ProEXR version 1.5 is faster, better, and free for existing users. It also comes with a new EZ plugin for people that get easily confused with multi-layer support but still prefer to have control over Alpha Channels and file compression. Although After Effects CS5 ships with ProEXR, you should still download the update to get the excellent EXR Comp Creator.

Reminder: My readers get ProEXR for $76,- instead of $95,-. Just answer the security question on the the software page to pickup your coupon.

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Tucson 2010, Part 2

Welcome back to my coverage of the Pano Conference.

I mentioned in part 1 that 360cities.net is about to make their huge library accessible on the iPhone browser. It's currently in beta stage, and just not quite there yet.


Charles Armstrong: Remote Realities


The real potential of the iPhone is in native Apps.



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This is where Tour Wrist from Spark Labs comes in. It may not have as many panoramas as 360cities in the database (yet), but it presents them in super-slick way. It basically turns your iPhone in a window into the panorama. Using compass and accelerometer it tracks along with your motion and shows whatever you would see at the pictured location. It's also GPS-aware, with community ratings, linked tours, and all that jazz.


The killer feature is that you can even shoot, tag and upload your own panorama tours with this App. For that you just need a clip-on fisheye lens, and the App walks you through all the steps. They call this feature an "AmaTour", and while that obviously won't compare to professionally stitched panos, it's pretty cool for the casual shooter. And the best: Tour Wrist is free.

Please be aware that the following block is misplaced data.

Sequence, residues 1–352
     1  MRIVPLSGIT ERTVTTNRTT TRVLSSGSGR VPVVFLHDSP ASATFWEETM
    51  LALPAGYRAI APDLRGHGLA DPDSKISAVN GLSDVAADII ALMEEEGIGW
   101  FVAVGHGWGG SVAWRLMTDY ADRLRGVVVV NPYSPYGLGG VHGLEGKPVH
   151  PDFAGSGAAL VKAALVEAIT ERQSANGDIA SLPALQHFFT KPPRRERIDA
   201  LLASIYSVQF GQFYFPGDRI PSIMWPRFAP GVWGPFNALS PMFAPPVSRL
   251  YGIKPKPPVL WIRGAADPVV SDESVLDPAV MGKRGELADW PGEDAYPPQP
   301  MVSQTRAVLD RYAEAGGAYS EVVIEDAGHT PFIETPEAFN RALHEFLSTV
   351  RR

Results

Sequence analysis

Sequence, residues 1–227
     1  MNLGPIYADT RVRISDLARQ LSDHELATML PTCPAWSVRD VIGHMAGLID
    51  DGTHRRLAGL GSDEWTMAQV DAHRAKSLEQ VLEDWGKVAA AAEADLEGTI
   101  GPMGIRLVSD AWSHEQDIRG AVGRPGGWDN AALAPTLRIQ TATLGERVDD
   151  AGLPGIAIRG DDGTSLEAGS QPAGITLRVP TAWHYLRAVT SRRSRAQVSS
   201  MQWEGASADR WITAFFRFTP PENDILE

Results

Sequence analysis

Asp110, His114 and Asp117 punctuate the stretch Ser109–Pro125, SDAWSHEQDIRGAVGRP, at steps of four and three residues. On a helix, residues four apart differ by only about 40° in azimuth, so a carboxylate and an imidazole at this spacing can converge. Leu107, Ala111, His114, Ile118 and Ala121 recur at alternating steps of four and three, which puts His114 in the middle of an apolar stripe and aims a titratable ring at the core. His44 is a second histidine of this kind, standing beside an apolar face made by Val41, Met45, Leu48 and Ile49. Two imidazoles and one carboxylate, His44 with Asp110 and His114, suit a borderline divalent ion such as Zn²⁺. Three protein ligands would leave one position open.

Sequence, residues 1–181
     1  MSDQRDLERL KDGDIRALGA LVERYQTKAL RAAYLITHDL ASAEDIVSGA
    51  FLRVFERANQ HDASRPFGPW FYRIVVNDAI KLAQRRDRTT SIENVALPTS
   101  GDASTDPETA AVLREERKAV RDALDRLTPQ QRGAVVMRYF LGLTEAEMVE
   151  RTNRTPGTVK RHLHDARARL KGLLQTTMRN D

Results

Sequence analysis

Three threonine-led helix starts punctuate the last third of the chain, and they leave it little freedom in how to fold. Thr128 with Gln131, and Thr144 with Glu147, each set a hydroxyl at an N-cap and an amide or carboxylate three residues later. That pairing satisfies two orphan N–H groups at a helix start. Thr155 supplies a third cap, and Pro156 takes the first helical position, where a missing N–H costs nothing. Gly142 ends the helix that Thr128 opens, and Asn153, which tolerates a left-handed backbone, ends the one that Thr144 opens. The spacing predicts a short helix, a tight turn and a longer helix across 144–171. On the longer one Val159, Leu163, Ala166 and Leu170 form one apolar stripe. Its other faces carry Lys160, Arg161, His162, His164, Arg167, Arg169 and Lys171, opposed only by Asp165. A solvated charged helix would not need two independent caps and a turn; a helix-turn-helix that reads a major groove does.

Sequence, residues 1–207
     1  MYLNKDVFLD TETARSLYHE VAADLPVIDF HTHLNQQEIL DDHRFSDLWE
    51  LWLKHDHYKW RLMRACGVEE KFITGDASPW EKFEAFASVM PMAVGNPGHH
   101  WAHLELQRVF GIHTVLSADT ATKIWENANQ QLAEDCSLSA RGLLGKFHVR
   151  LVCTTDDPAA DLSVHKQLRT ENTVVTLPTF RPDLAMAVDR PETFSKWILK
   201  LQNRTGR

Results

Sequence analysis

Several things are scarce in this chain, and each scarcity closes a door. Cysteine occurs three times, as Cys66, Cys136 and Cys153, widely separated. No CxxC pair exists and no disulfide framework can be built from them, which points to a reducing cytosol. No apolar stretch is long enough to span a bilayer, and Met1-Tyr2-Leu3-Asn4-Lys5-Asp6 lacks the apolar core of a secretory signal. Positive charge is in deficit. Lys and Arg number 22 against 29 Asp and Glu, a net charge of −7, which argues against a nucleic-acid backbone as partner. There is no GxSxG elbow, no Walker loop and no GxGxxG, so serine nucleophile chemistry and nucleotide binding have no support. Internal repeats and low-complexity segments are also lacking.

So, how do they make money then?

There are three pretty innovative revenue models.
  • Users can book hotels and flights associated with the pano locations, right within the app. That is handled through affiliate programs, and the revenue is shared 50/50 with the photographer.
  • People can order a custom VR Tour for their business, which is then commissioned to photographers in the area. So the app is your agent, in that case.
  • As professional VR photographer you can order a custom branded version of the program, which will make you shine in front of your clients.

Currently they are working on the iPad version, which is probably going to steal the show.


Mark Segal: Aerial Panoramas


Granted, that has nothing to do with HDR (again), but it's still pretty awesome:



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Mark Segal from SkyPan Internationl hangs a pano camera under the belly of an RC helicopter, and shoots gorgeous balcony views from not-yet-built skyscrapers. Or other places of interest like golf courses or event locations. If you're asking me, these people are just looking for any excuse to go wild with their heavy-duty electric copters. ;)



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Their pano copter features:
  • feet lift up with hydraulics
  • remotely controlled gimbal head
  • can carry 26 lbs
  • up to 400 feet

And it shoots images like these:


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Check out Skypan's Gallery or Mark Segal's website for more aerial eyecandy.

Mark knew some interesting stories about "Always keeping the copter in line-of-sight" and "Trying not to crash into waves on ocean fly-bys". With the new small HD cameras he also gets an live signal to a ground-based control monitor. That's your low-budget opening shot right there. Although I must admit that the footage on the website could greatly benefit from some good old-fashioned After Effects motion stabilizing.

If you're looking into getting your own RC helicam off the ground, Mark recommends checking out www.DraganFly.com!